Good thread from another list.

(509) 982-2181                                   Equipment sales
(408) 907-6910 (Vonage)                    Consulting services
42846865 (icq)                                    And I run my own wisp! (net meeting)

----- Original Message ----- From: "Jim Lux" <[EMAIL PROTECTED]>
To: "Dino Darling" <[EMAIL PROTECTED]>
Sent: Monday, June 26, 2006 3:35 PM
Subject: Re: [TowerTalk] Building a Tower Trailer

At 02:41 PM 6/26/2006, Dino Darling wrote:
I'm certainly not going to start a little banter war here, but let me
point out a few things...

First, while some of the following applies to Jim's comments, not
everything in this post is directed specifically at him.  It may appear
I'm being "a little hard on the Beaver" later in this post, but I only
mean to point out issues with posting a response to a question that has
nothing to do with the topic (or any topic on here for that matter) at
hand.  I know you know what I mean!

Kelly has a Force 12 LPT-1242 weighing in at 145 lbs which is real close
to a "few hundred pounds".  If we were talking about a W-51, then that
would be different.

Kelly needs it SMALL and LIGHTWEIGHT so he can "push it along the side
of my house into the back yard."  Hydraulics, generators, etc etc etc
does not sound like an option in this case.  A horse trailer conversion
would be a nightmare!

You're definitely right there.  I suppose the takehome from all my generic
comments all boils down to the "manage the mass".. the LPT1242 is a nice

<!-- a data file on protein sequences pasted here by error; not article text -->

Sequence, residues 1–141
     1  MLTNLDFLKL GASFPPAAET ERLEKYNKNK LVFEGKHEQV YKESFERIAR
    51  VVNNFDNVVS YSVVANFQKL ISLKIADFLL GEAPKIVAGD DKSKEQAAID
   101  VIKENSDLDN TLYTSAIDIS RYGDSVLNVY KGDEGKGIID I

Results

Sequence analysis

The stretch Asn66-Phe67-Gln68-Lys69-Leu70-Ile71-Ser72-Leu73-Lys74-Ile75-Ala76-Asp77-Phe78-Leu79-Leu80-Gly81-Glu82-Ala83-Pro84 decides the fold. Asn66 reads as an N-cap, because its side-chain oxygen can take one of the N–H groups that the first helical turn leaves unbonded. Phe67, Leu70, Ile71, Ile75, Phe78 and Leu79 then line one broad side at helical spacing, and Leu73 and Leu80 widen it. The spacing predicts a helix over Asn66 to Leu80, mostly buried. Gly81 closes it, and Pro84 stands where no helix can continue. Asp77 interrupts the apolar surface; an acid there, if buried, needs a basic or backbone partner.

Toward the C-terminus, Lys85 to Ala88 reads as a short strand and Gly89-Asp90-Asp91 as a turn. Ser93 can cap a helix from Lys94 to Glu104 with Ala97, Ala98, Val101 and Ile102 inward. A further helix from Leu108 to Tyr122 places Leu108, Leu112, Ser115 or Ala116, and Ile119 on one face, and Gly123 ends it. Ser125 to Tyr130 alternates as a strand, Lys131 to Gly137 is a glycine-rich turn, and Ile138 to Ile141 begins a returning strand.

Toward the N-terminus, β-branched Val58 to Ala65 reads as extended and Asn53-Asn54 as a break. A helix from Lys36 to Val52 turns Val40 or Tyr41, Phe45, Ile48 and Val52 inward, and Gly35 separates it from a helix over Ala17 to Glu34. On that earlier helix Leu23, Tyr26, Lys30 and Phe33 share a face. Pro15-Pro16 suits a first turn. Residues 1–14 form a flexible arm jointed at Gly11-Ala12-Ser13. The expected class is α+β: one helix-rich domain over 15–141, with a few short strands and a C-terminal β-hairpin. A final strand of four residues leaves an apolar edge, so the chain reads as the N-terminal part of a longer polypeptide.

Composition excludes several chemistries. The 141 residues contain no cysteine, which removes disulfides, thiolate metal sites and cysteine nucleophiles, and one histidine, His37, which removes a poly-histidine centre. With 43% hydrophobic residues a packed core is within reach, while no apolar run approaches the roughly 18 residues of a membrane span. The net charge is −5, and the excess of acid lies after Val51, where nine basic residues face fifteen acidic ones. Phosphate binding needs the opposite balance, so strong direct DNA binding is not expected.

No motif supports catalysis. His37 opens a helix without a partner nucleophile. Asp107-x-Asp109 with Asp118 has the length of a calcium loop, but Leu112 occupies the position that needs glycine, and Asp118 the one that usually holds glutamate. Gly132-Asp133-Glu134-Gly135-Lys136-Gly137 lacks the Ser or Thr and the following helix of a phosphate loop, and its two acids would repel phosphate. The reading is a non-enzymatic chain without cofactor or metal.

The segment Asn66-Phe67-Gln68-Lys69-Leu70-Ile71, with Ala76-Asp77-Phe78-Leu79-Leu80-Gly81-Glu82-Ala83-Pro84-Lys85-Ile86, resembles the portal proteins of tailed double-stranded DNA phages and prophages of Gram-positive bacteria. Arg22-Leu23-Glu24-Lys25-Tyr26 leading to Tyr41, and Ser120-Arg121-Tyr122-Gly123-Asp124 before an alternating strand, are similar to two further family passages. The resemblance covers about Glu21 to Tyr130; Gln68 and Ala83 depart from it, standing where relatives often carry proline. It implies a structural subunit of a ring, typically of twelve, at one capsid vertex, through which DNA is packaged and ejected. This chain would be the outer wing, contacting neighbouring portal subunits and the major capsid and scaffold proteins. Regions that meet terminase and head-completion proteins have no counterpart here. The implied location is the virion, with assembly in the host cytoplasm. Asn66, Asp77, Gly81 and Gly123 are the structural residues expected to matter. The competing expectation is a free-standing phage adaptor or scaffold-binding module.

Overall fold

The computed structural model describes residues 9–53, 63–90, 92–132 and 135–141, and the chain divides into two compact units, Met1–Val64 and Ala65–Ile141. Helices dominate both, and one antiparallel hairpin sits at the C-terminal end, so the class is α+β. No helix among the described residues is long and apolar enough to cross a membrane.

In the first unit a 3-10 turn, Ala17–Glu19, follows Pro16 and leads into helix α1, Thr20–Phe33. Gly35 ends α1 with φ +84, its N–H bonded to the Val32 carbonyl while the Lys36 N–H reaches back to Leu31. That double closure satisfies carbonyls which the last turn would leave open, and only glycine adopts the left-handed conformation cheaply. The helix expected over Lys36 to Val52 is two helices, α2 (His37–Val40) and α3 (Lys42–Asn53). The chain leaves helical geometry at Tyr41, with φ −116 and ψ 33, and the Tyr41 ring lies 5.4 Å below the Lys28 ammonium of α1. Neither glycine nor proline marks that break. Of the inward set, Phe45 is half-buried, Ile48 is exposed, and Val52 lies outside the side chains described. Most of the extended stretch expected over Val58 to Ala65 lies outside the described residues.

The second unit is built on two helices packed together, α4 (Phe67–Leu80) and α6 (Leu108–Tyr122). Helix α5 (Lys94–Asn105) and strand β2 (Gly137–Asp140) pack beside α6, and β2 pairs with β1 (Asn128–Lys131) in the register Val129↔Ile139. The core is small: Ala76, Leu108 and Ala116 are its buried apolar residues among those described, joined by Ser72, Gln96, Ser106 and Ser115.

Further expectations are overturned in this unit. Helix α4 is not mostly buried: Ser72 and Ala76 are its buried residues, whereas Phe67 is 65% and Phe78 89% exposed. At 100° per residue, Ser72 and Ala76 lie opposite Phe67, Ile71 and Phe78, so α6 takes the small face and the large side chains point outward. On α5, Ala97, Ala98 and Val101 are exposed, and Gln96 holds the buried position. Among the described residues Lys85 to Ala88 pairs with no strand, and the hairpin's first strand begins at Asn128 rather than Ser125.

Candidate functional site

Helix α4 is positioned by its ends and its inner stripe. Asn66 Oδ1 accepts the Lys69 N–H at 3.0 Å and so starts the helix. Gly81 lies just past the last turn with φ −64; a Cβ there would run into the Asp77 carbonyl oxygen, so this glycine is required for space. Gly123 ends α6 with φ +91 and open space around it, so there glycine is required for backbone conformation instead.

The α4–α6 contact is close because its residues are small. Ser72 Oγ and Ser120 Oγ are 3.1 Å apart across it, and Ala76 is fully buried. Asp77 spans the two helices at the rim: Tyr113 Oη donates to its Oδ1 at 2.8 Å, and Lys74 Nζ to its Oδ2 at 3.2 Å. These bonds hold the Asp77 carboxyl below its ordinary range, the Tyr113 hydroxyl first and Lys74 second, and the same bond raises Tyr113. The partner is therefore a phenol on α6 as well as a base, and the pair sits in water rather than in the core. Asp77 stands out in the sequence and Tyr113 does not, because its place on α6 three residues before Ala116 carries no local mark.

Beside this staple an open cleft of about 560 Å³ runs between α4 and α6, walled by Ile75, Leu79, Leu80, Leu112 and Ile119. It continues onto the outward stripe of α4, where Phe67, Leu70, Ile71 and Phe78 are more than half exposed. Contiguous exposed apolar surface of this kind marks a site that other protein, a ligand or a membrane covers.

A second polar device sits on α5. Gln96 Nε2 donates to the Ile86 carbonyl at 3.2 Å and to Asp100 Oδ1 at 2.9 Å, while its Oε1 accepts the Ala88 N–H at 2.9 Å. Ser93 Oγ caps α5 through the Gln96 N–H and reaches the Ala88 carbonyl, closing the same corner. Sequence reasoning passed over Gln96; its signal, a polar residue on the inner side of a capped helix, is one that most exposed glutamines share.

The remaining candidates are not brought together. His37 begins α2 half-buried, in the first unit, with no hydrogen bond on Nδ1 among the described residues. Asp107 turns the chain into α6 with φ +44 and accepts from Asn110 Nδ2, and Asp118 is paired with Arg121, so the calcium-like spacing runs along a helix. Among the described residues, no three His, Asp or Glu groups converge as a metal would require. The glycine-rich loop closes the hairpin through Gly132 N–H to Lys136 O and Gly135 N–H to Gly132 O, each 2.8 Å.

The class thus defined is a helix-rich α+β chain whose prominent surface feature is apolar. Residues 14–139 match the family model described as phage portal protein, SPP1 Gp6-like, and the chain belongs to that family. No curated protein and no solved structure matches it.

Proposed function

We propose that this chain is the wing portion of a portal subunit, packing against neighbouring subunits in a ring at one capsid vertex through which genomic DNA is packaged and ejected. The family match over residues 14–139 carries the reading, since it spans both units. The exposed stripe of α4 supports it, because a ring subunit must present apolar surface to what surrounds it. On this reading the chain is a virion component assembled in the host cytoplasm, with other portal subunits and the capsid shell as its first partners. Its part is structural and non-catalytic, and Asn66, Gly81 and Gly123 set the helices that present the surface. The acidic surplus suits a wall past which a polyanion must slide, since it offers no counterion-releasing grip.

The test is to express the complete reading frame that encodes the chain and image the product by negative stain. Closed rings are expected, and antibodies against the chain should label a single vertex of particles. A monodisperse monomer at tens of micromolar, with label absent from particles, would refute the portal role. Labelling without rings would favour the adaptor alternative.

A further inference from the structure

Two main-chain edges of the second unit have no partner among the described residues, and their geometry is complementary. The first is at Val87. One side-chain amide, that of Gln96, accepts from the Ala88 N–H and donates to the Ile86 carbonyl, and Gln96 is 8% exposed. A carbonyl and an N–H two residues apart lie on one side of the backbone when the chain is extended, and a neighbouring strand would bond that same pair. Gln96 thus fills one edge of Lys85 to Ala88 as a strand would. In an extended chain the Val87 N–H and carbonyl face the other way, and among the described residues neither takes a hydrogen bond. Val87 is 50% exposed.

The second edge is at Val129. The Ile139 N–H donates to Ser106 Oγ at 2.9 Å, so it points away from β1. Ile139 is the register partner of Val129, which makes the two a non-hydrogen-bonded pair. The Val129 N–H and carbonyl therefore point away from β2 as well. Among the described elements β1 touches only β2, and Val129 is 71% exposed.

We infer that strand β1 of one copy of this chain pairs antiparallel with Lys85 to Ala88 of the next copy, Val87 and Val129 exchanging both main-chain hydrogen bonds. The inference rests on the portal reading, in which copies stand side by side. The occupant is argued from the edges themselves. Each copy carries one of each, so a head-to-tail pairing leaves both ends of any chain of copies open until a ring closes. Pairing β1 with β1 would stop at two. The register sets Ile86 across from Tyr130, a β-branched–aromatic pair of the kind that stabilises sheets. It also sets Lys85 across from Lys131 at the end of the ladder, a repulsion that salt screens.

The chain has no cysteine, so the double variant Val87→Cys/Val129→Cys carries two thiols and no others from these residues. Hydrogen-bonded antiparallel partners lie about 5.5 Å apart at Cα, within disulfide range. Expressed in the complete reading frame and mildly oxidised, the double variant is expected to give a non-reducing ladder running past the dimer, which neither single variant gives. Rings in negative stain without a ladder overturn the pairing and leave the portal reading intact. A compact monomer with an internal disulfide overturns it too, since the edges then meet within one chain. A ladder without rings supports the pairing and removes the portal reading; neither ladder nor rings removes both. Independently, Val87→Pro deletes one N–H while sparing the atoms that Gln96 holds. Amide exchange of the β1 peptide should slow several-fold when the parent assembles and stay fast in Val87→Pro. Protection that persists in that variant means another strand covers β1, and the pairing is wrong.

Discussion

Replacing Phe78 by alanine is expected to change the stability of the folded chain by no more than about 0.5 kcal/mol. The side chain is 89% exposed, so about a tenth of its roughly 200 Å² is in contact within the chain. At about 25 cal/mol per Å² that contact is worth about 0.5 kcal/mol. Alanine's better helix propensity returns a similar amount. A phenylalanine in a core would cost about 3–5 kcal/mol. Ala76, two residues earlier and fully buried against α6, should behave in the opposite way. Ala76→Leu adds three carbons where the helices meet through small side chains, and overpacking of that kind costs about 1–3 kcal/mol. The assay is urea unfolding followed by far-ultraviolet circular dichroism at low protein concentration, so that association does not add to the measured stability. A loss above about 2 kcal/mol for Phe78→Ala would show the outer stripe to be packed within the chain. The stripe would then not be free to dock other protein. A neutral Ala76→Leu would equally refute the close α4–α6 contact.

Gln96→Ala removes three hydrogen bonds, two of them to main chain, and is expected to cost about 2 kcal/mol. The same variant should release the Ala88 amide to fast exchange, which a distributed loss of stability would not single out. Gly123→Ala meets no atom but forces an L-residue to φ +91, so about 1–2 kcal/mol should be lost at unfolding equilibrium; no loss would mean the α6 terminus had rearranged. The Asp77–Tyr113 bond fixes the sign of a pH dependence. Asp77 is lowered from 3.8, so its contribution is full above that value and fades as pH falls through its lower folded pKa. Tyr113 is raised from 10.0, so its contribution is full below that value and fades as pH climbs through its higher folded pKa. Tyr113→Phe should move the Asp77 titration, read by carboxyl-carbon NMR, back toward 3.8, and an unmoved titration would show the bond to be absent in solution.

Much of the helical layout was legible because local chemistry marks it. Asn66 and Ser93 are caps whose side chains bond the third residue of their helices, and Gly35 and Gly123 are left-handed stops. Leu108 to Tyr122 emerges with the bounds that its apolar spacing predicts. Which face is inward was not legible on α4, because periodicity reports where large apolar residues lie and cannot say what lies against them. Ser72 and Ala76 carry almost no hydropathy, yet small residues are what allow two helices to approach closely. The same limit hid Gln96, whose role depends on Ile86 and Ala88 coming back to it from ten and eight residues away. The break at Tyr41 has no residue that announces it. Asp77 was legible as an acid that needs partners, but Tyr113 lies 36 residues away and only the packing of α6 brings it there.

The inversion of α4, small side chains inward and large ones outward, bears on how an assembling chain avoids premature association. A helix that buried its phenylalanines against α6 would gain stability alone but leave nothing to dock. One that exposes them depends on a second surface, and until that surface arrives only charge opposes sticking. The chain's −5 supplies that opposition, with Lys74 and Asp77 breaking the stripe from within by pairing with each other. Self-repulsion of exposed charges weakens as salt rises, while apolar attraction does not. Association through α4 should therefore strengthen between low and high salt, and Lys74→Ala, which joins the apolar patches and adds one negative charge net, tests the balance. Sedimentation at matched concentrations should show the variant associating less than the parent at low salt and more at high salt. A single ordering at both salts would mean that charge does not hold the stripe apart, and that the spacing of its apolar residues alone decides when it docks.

lightweight aluminum rig, and would probably be nicely compatible with a
small lightweight trailer.

If you set up the pivot points right, that 145 pound load can be almost
perfectly balanced, so with a 20 pound push, you can get it upright. no
winches, rams, etc.

 HOWEVER... watch the wind load issue.  You may find that the 40 foot mast
with a small beam on it has enough overturning moment in a fairly low wind
(e.g. 60 mi/hr) that outriggers are impractically big.

That 60 mi/hr and 9sq ft is a force of 82 pounds at the top of the mast.
That results in an overturning moment of about 3500 pound ft + about 4000
lb ft for the force on the mast itself (assuming it's 42'x6").  Let's call
that 8000 lbft.  If you've got a 10 ft outrigger, it's going to have to
take a 800 pound load (and also implying that the trailer has to weigh 800
pounds to hold it down, although, ballast on the upwind outrigger would help)

There's some similar calculations at when I was trying to
figure out if I could use my car to hold up a 50 foot portable mast.

I suppose the issue is whether you expect the setup to be "totally self
contained" or "a convenient carrying device for the rig"


TowerTalk mailing list

WISPA Wireless List:



Reply via email to